But since I've made vows of my own and been in a relationship for 13 years and married for three, I must admit, the decision to walk away from a marriage ain't all that simple. And that's what I love about shows like Black Love and Black-ish: they depart from The Cosby Show narrative that's all Claire Huxtable giving Heathcliff bedroom eyes in silky TLC pajamas at the end of every show. They display that real marriages have hiccups, in fact, real marriages can get a bad case of acid reflux for months at a time, but that doesn't mean that the union is over.

So when I see judgment from folks that aren't married or have never committed to a long-term relationship about how quick they would be to leave in certain situations, I cringe a little. It reminds me of how self-righteous I used to be before I had a child about not having a TV in my child's room, not popping my toddler's hand out of frustration, or not ever allowing my child to sleep in my bed. As a mother of a three-year-old, I can now admit to doing all of the above at least once and it's made me realize that when it comes to parenthood and marriage, so many things are easier said than done.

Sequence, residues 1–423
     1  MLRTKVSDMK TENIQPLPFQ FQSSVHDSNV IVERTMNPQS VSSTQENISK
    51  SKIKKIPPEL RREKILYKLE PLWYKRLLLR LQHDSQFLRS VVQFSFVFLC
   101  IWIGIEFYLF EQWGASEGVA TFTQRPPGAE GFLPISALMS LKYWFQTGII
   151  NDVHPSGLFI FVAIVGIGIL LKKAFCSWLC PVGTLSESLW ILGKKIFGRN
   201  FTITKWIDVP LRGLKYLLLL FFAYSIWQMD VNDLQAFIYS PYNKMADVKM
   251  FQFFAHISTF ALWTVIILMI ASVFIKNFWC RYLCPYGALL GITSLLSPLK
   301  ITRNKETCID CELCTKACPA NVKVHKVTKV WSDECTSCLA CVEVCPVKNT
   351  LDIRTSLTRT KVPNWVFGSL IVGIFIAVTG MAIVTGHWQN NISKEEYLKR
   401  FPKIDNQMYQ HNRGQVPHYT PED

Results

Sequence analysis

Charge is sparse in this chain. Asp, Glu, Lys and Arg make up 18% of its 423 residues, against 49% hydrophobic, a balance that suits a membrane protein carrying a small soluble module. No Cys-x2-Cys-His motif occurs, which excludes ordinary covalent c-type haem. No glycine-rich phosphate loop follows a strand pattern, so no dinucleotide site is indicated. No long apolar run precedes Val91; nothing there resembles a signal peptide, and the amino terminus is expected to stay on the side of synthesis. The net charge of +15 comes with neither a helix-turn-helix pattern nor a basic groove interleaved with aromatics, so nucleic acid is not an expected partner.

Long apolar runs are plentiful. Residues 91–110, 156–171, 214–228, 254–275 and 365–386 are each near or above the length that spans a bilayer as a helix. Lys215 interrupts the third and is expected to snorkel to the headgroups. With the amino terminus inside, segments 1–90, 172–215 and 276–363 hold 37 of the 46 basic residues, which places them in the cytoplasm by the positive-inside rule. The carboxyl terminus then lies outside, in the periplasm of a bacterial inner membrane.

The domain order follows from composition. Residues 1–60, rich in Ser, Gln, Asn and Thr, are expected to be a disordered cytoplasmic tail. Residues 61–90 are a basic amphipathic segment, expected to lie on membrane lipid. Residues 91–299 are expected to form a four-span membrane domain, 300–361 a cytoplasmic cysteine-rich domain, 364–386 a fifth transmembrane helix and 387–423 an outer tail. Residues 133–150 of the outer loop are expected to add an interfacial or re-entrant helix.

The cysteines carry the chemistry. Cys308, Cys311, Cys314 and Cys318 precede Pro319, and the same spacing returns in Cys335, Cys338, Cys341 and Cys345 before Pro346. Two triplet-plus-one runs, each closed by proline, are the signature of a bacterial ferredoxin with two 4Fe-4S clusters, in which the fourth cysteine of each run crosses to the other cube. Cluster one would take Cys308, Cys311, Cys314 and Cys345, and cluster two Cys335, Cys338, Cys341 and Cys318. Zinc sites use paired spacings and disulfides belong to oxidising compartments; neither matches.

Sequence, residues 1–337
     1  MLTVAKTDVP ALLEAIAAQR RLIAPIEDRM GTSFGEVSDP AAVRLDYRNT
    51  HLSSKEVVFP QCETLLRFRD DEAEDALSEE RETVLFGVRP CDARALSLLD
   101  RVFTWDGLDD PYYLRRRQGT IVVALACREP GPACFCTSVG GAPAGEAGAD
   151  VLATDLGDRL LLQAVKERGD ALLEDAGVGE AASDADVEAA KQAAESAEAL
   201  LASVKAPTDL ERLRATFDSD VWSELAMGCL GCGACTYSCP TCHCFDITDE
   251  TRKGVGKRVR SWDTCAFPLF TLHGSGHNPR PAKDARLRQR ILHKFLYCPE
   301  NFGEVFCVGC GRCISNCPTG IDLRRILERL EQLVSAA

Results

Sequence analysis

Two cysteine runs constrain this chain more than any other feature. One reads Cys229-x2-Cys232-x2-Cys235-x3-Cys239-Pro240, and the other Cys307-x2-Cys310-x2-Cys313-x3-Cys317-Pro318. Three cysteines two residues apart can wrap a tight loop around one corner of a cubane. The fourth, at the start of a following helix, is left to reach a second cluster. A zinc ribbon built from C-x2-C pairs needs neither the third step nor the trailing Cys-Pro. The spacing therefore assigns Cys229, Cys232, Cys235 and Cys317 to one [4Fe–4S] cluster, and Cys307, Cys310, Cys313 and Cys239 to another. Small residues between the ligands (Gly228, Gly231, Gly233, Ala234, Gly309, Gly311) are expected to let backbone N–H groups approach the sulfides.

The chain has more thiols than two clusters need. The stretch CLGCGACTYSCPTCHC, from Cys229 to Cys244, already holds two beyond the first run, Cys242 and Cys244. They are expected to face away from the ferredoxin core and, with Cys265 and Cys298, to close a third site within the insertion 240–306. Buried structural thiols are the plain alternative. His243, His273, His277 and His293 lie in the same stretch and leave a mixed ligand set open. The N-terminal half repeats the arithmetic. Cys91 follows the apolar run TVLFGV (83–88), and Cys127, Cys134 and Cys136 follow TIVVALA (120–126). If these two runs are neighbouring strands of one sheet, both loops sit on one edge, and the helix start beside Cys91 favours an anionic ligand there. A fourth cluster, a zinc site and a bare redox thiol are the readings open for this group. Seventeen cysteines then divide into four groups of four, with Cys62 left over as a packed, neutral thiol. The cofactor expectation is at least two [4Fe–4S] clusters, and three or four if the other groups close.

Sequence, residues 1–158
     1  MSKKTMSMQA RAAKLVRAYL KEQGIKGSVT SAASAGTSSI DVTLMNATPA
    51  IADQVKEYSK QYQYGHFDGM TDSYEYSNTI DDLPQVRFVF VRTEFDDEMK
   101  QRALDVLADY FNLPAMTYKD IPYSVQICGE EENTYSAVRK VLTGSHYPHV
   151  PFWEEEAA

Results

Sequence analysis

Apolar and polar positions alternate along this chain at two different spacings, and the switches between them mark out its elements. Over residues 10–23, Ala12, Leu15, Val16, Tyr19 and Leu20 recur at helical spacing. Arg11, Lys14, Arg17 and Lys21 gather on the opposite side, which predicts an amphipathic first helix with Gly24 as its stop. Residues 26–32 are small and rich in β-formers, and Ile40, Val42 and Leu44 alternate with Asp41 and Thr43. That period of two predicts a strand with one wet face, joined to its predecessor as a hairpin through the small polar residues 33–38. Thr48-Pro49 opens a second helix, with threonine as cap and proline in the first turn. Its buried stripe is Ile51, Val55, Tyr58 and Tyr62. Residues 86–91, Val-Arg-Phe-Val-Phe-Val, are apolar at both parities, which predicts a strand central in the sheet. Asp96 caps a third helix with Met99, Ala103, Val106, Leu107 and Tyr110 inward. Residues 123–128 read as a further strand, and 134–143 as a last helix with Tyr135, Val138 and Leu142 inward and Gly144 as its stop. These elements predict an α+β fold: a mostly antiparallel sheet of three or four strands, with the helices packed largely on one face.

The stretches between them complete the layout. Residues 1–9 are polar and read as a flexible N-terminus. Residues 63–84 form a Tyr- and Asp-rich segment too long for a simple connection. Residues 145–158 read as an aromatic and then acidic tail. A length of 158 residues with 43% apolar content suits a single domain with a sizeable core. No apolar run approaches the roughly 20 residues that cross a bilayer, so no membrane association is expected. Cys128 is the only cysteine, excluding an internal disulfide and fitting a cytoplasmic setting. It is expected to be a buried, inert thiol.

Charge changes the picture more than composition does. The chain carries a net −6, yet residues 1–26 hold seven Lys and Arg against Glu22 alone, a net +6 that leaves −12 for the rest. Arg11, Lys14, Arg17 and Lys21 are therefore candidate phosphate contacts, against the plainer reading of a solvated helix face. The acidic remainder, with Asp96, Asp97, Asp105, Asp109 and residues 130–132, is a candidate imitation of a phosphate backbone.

The fact that I now regularly wake up to toddler feet in my face doesn't make me a bad parent, but it does make me a real parent who realizes I knew nothing about parenthood before I actually became one and was throwing out judgment based on zero experience. So when I see single folks going on and on about how infidelity is a deal breaker and they'd divorce their partner with the quickness, I can't help but wonder what marriage is really about for some people?

Can you develop a fair opinion about what people should do in marriage without actually experiencing one?

Call it a "slump" or the "three-year-itch" but even I can attest to a fact that when you spend so many years of your life with one person, eventually the routine of parenting and career can make you feel more like roommates than a couple. There have been weeks when everything from the sound of my husband chewing, to his beard hair in the bathroom sink made me want pack my bags. I never actually do it and those feelings don't necessarily mean that the marriage is over, but it does mean there's a slump, which all marriages will face at some point.

One of the most important lessons I learned when I first got engaged is that what makes marriage different from other relationships is that you don't always walk away when it gets hard, and that some issues can and should be worked through.

Everyone's deal breakers are different and while one or two instances of infidelity may not break a marriage, repeatedly being cheated on might require some reflection on if your union is nothing more than a title. But arguments will happen, and not just "You forgot to defrost the pork chops" arguments but "F--k you and your mama too" type arguments.